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Breaking down the how and why of homelessness

Charles Moore, Community Voices • Dec 22, 2019 at 6:45 AM

This summer I spent some time downtown Johnson City photographing various scenes for my own sesquicentennial celebration. Of course, what I also saw were a variety of homeless people shuffling along, their possessions on their back, or in a store-buggy, or waiting along side the Sevier Center for Munsey Methodist to open.

No one approached me, either for a handout or as an equal (obviously, the camera made a difference). But there was an unease on my part of sharing the sidewalk with a person sleeping in a corner of two buildings.

I should point out that downtown is very photogenic but be prepared to walk a lot and go either in the morning or the evening.

I don’t pretend to offer a solution for homelessness across the U.S. or in Johnson City or in Kingsport. It doesn’t take much observation (something you learn to do when you take photographs) to realize the problem is hardly Johnson City’s alone. The locals might or might not want to acknowledge the presence of the other, but, acknowledgement is a first step toward addressing the symptom before working on the problem. After that acknowledgement is made, we can then deal with the size of the problem.

Nor can I offer a solid reason why homelessness is rampant in some places and not others. I don’t imagine the homeless situation is only an economic condition. I do find I don’t like the “other” classes of Americans who write off homeless as mentally ill, or deserving what they get, or are their own worse enemy. Most of us probably have been unemployed at one time or another but most of us were never on the streets, never without support, never faced worrying whether tomorrow or the next day or the day after that, will bring a meal and a cot and a roof.

To my way of thinking the very first thing is to not think of homeless as a uniform block. I doubt the homeless “community” is any more uniform than any other community. Some wag on the radio the other day suggested that not all billionaires like all other billionaires. It would follow that a homeless person can be independent as much as any of us are, or are not, depending on how we tie ourselves to our presently comfortable artificial constraints. People, as I understand it, are homeless for a variety of reasons and that same variety hampers the efforts to either get them off the street (like some kind of refuse) or into a slightly more productive life (like the rest of us?). But like many solutions to such dilemmas in this modern world, NIMBY rules. This segregation is most likely the hardest to overcome.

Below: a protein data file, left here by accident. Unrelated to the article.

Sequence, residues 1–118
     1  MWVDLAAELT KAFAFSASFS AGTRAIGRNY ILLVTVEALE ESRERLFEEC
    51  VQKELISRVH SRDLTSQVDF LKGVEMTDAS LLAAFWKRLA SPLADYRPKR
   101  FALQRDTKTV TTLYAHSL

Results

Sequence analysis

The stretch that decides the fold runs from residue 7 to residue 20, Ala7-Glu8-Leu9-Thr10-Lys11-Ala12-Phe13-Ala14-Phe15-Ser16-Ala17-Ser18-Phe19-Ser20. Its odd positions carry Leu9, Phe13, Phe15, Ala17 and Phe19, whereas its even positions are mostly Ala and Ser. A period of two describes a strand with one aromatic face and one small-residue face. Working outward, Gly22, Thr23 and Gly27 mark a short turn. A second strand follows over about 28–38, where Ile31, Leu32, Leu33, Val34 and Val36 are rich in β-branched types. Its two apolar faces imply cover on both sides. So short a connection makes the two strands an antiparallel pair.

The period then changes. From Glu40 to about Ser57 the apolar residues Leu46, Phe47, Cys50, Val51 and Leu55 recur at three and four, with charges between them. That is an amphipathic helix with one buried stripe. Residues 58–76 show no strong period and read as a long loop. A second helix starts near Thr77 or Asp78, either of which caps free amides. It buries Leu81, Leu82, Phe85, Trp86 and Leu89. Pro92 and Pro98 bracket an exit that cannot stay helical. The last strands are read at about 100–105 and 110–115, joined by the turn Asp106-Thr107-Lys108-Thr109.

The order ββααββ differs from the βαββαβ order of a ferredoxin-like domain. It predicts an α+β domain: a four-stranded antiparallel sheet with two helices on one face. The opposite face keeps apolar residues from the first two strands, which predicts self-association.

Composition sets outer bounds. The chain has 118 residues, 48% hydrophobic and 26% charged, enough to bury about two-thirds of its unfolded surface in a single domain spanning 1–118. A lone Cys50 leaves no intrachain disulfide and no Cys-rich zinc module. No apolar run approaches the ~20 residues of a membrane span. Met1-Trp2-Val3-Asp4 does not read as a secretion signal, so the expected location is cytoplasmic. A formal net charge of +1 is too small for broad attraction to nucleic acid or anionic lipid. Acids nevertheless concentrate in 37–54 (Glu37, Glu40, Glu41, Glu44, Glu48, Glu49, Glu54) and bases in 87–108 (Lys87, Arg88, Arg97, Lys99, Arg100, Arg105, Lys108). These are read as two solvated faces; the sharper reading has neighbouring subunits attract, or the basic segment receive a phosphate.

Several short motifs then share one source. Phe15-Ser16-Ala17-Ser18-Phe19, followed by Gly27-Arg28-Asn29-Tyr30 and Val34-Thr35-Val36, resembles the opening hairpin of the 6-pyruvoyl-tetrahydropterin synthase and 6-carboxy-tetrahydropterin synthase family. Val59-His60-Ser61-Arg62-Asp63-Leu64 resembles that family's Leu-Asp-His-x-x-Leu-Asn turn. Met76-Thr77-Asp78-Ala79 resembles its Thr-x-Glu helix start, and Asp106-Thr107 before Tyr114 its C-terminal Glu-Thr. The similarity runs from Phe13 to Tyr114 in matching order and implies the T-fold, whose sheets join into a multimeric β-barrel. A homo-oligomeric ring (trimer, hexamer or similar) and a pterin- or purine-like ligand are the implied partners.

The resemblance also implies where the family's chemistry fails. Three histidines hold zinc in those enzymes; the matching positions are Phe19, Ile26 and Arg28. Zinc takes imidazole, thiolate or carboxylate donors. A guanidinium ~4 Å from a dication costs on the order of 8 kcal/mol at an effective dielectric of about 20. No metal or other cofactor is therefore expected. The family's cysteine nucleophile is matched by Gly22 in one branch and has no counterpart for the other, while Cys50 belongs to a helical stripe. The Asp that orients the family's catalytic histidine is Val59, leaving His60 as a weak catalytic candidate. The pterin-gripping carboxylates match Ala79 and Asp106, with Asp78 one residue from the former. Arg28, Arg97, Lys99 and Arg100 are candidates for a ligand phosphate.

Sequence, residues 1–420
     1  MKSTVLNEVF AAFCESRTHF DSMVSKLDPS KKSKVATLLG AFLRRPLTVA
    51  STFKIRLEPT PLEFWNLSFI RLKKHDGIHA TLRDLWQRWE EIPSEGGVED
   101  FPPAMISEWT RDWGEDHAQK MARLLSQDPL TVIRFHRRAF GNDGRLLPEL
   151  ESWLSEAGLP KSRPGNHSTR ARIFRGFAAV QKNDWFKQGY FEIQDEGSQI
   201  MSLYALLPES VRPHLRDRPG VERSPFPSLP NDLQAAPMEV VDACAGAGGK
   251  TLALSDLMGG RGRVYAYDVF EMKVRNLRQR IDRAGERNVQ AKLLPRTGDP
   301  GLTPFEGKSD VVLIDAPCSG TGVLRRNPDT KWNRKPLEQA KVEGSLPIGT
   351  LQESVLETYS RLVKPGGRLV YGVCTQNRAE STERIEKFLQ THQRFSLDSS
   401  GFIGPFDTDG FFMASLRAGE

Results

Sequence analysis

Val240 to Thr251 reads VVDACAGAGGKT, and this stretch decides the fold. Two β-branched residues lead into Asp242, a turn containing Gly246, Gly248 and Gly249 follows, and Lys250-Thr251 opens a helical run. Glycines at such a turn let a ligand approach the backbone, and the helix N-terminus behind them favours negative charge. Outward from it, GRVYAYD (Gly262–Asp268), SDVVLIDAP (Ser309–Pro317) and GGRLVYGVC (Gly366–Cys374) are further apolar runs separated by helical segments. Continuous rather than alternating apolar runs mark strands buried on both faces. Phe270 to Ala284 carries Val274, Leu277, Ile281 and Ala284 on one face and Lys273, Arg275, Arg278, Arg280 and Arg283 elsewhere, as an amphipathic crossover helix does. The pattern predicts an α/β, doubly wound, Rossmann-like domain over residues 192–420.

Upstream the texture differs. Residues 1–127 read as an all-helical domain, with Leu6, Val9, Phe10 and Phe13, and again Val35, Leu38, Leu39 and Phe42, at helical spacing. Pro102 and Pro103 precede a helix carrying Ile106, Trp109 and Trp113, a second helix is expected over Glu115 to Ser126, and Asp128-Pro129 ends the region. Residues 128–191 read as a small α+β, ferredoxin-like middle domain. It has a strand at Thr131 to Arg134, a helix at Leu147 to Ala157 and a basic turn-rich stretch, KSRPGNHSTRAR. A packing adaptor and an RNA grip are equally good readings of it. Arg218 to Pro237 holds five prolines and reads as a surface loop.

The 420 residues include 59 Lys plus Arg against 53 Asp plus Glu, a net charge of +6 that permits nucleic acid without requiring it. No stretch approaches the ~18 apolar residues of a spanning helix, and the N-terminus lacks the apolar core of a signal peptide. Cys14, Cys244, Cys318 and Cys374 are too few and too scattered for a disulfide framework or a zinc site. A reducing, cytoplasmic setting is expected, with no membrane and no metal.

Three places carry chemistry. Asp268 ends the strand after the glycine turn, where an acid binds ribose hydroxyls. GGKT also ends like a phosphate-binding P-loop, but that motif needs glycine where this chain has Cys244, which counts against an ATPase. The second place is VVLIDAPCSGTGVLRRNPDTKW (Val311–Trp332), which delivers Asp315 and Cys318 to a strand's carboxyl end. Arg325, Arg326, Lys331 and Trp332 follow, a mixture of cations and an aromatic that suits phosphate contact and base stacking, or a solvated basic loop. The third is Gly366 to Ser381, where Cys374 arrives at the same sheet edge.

It would help to make a distinction between homeless (as in sleeping on the streets or in the shelters) or housing deficient (rent controlled housing) or mentally ill and in need of professional, long-term care. Wealth determines a pecking order, in housing, in medical care, in hunger. We know this. We either suffer or benefit from this pecking order. I don’t propose the city fix a wealth problem but it must be understood that a variety of deficiencies, or insufficiencies, or inadequacies, such as lacking wealth or lacking family support, or lacking order in our lives, can catch up to us without warning and leave us homeless.

How we solve this dilemma of homeless will take an effort most of us are probably not prepared to do. But it will take all of us to begin to tackle just the symptom before addressing the underlying cause. Sadly, I suppose there will always be someone at the top, with a nice home in a gated community on a lake, and someone at the bottom, who will be homeless.

I can just imagine when the city floated a plan to disperse the residents of the Sevier Center the rest of the town went ballistic combining “Sevier” with “homeless” and “not in my neighborhood.” Does that mean the problem of homeless people is confined to downtown and is therefore the downtown’s problem? From personal experience, I would say this symptom — being homeless — could surface anywhere.

We never know if these kinds of situations will arise in our futures. It doesn’t take much to ruin all the plans and the preparation for a decent life. I am reminded when my business law professor from decades ago, who earned his college money doing collections, warned us that all of us would be about one paycheck away from being on the streets. At the time I was undergoing my second round of unemployment, so I was intimately aware that these things could sneak up on you from behind. I thought he was probably right then and I would say he would be right to this day.

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